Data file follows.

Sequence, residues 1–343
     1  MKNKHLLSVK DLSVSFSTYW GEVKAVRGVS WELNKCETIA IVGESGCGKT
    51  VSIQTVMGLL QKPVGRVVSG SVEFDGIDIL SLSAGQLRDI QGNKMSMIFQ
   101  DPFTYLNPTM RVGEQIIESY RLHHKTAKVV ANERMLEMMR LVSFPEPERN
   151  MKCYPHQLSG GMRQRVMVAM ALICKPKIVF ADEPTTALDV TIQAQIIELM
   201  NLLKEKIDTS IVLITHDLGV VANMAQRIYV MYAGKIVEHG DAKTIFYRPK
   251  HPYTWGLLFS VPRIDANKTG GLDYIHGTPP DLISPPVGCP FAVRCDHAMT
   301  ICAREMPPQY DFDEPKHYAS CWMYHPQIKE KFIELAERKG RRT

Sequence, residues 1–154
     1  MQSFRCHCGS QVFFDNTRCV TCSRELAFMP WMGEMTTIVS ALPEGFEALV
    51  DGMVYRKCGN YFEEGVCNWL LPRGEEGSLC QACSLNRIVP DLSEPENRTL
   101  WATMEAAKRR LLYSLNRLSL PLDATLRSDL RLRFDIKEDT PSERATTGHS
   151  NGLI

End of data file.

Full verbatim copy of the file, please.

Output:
Sequence, residues 1–343
     1  MKNKHLLSVK DLSVSFSTYW GEVKAVRGVS WELNKCETIA IVGESGCGKT
    51  VSIQTVMGLL QKPVGRVVSG SVEFDGIDIL SLSAGQLRDI QGNKMSMIFQ
   101  DPFTYLNPTM RVGEQIIESY RLHHKTAKVV ANERMLEMMR LVSFPEPERN
   151  MKCYPHQLSG GMRQRVMVAM ALICKPKIVF ADEPTTALDV TIQAQIIELM
   201  NLLKEKIDTS IVLITHDLGV VANMAQRIYV MYAGKIVEHG DAKTIFYRPK
   251  HPYTWGLLFS VPRIDANKTG GLDYIHGTPP DLISPPVGCP FAVRCDHAMT
   301  ICAREMPPQY DFDEPKHYAS CWMYHPQIKE KFIELAERKG RRT

Sequence, residues 1–154
     1  MQSFRCHCGS QVFFDNTRCV TCSRELAFMP WMGEMTTIVS ALPEGFEALV
    51  DGMVYRKCGN YFEEGVCNWL LPRGEEGSLC QACSLNRIVP DLSEPENRTL
   101  WATMEAAKRR LLYSLNRLSL PLDATLRSDL RLRFDIKEDT PSERATTGHS
   151  NGLI